Last gasp: Air pollution killing Europeans en masse, says environment body
Hundreds of thousands of Europeans may face premature death in the next two decades because of toxic air, a new major report by the European Environment Agency (EEA) has warned. In 2011 alone, about 430,000 people died prematurely from air pollution.
A five-yearly environmental study, State of the
Environment Report for 2015, blames governments for inaction
and has called for changes in policies and technologies and
lifestyles. The European Union will need new, radical policies to
safeguard the environment by 2050, experts say.
"We need to start now," Hans Bruyninckx, head of the EEA, told Reuters.
The Copenhagen-based EEA said that Europe has increased waste recycling and cut greenhouse gas emissions by 19 percent since 1990. The EU plans a further emissions cut of 40 percent by 2030. Despite these gains, however, Europe “still faces a range of persistent and growing environmental challenges," including global warming, chemical pollution and extinctions of species of animals and plants, the report informed.
“Despite considerable progress in reducing the discharge of
pollutants into Europe's waters in recent decades, nutrients,
pesticides, industrial chemicals and household chemicals continue
to affect the quality of surface, ground and marine waters. This
threatens aquatic ecosystems and raises concern about potential
human health impacts,” it stated.
Air pollution causes damage to human health through direct exposure (via inhalation) or through exposure to contaminants transported through the air, deposited on plants and the soil. Vehicles, power plants, agriculture and households all contribute to Europe's air pollution, the report’s authors stated, adding that transport remains the main contributor to poor air quality levels in cities and related health impacts. Exposure to environmental noise is estimated to contribute to at least 10,000 premature deaths due to coronary heart disease and strokes each year.
Chemicals from pharmaceuticals, personal care products, and other consumer products can have a range of negative effects on the environment and on human health. Endocrine disruption, which impacts the body's hormonal system, is of particular concern, according to the study, which points out that potential human health impacts of these chemicals are “poorly understood,” especially when people are exposed to mixtures of chemicals, or when exposure occurs in pregnant women and small children.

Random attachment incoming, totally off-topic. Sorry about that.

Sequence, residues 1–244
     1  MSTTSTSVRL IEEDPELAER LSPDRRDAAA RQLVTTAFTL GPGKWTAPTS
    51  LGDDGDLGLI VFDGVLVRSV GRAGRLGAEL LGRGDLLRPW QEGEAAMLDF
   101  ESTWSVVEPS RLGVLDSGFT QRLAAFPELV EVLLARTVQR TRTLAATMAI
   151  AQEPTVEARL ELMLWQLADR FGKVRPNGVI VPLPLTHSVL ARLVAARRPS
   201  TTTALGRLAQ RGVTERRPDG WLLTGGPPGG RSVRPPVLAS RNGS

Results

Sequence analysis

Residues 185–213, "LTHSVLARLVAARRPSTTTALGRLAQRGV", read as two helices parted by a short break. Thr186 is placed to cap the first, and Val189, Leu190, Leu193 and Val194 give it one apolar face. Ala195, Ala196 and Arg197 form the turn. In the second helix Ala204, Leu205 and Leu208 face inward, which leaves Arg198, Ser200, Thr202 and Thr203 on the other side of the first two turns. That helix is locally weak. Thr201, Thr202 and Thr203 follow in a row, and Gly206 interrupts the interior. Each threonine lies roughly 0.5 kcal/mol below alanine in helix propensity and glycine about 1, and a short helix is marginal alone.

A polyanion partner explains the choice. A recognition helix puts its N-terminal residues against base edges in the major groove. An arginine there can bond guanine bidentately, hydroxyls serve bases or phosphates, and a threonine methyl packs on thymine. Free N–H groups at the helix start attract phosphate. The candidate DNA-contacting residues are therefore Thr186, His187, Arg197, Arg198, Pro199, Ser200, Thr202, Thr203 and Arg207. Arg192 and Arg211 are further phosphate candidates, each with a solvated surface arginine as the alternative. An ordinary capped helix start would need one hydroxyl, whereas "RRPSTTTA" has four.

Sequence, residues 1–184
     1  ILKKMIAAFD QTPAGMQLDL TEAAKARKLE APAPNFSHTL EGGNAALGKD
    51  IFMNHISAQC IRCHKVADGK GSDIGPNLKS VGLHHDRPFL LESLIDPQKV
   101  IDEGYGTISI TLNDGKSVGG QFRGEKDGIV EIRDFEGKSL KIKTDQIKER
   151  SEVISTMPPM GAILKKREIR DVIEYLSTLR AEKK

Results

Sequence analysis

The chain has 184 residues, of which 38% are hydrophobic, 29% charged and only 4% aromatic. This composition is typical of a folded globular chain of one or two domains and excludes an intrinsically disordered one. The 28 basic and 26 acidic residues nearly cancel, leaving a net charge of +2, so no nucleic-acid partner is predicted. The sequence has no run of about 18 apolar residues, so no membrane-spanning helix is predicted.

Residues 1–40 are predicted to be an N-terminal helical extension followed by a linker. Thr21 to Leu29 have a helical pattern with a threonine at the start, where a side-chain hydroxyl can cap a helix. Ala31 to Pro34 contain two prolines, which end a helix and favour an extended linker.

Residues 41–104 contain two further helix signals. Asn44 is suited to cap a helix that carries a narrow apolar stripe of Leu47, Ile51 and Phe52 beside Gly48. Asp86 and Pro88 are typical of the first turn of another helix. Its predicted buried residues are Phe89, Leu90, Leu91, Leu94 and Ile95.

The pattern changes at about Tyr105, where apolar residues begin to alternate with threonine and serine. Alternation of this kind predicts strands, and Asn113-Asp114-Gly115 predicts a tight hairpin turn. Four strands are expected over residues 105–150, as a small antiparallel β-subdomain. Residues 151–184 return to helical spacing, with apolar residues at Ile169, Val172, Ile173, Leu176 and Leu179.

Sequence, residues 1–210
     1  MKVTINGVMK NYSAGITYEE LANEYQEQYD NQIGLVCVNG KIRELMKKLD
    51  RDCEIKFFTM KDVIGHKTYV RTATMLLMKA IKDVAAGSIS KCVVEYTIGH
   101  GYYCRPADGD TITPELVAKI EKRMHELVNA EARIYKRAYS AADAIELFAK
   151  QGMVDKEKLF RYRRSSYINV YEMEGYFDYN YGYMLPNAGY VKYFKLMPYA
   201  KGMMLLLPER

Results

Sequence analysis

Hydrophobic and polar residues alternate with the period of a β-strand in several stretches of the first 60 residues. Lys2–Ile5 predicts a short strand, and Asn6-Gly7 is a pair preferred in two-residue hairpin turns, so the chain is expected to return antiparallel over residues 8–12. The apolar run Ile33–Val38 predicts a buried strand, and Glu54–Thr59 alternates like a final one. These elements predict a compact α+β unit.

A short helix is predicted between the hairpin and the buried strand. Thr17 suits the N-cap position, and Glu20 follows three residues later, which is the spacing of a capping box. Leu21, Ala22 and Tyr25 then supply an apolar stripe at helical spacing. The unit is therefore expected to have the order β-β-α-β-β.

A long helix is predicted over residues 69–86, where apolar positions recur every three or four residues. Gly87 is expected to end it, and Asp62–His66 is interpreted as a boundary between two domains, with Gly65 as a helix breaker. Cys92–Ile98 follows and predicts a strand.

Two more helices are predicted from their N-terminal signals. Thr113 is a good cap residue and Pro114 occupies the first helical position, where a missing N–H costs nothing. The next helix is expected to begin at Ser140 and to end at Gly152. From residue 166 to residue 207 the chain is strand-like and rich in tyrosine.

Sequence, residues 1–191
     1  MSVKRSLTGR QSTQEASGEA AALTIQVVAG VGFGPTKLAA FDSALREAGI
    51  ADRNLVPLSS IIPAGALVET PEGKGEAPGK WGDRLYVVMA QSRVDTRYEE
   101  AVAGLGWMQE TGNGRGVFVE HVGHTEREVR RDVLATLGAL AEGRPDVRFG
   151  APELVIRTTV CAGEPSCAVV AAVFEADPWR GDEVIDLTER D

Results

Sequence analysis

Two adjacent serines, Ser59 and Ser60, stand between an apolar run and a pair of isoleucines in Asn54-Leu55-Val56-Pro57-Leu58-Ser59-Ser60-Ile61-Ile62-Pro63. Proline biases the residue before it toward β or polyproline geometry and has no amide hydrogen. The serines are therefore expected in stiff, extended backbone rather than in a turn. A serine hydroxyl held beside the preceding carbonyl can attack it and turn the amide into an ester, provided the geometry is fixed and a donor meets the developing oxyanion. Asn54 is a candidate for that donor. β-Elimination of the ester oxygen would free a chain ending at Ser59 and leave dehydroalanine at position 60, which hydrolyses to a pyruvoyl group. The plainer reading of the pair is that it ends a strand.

Europe will scarcely manage to realize its target of "living
well, within the limits of our planet" by 2050, according to
the report, given that most Europeans have been using more than
four hectares of the planet's resources each year - more than
double what it rated a sustainable ecological footprint.
The European Commission has estimated that a shift to a greener, low-carbon economy by 2050 will require investments of an extra €270 billion a year, or 1.5 percent of EU gross domestic product (GDP) in coming decades.
The EEA said Europe could benefit economically from greener cities, industry, transport and agriculture.
"This is not a threat to well-being ... For Europe this is a major opportunity," Bruyninckx said, adding that 2050 green goals are closer than we think, given that Europeans born today will be 35 in 2050, with more than half their expected lifetimes ahead of them.
According to the report, EU citizens live longer than in many other parts of the world. Life expectancy at birth in the EU-28 member states exceeded 80 years in 2012, and is higher for women. The gap between the lowest life expectancy in the EU (68.4 years for men in Lithuania) and the highest (85.5 years for women in Spain) is considerable, however.
The share of the older population in all the member states has been increasing in recent years. The current proportion of people aged 65 years and over, already exceeds 17.5 percent and is projected to reach 29.5 percent by 2060, according to Eurostat.